Tuesday, October 23, 2012

Miss Peregrine's Home for Peculiar Children

At first, Jacob believed the fantastical stories from his grandfather's childhood, but after repeating some of those stories at school and being bullied, he decided that fairy tales were for babies, and that those stories couldn't possibly be real.  But he was so wrong.  When he finds his grandfather dying in the woods, he passes on some cryptic last words, instructing Jacob to find the island, and go to Miss Peregrine's home.  And so Jacob does, and not only does he discover that everything his grandfather said was true, but also that Jacob might have the most precious gift of all.

I checked this book out as an e-book from my library, and this was the first book that I had ever checked out that way.  I'm very glad that I passed on this book at the bookstore, not only because the cover is creepy, but also because the book just doesn't live up to the hype.

At first, I found this a really interesting story.  The grandfather dies and Jacob must come to terms with the man that he loved so much perhaps not being the man he thought he was.  I was just starting to really love this concept-grandchild coming to terms with the humanity and dishonesty of this grandfather-when I met the peculiars.  Then this became a rather run of the mill story.  Jacob travels to the Cairn island, a remote, dreary place, and finds the house, then finds the peculiars, frozen in time on September 3, 1940.  They are hidden in time for their protection from wights and hollowgasts, evil former peculiars bent on immortality.  Jacob, like his grandfather, is the only one that can see them, so he suddenly becomes the most important member of this strange troop.

The idea for this book supposedly came from strange antique photos, dozens of which are scattered throughout the text.  But instead of enhance the story, they seem to detract from it.  Whole paragraphs are spent on describing one passing character that is illustrated in a photo.  Some photos just seem forced and some descriptions do little to further the plot.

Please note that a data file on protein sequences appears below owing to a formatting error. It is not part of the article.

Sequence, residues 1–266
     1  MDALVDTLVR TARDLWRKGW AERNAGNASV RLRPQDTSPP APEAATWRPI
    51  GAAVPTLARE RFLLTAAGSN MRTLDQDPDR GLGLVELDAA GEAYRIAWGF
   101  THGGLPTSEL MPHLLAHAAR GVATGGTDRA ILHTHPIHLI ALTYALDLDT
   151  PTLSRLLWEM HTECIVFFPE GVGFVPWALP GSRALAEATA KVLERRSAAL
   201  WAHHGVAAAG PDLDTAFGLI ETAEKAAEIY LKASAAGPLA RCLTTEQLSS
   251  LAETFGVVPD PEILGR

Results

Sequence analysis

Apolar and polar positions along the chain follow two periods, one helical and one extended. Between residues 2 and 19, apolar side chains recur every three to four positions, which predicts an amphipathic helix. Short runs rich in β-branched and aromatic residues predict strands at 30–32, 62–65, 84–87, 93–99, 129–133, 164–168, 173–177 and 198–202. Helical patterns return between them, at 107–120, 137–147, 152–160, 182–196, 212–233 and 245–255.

The action is typical.  The only adult in this hidden world is Miss Peregrine, and she is kidnapped and the children must use their peculiar skills to free her from a dangerous wight.  They ban together like so many demigods, magicians, wizards and radiated youth before them and fight.  Of course they beat the one bad guy, but, gasp, there are more, and the children make the decision to leave the loop, their safe haven and prison, and fight the evil wights and hollowgasts.  And Jacob leaves the modern world and everything he knows to go with them, and to go with Emma, the girl he, and his grandfather (eeeww) loves.

I was honestly more impressed when I thought this book would be about Jacob discovering that his grandfather was maybe not the moral, honest man that he thought he was.  But then the book would not be called what it is.  I'll pass on the next installment, and judging from Goodreads, it's not even close to being published yet, so that makes me think that this device of using pictures to force text is not paying off as well for a second volume.   Interesting in theory, but not in practice.

Happy Reading!

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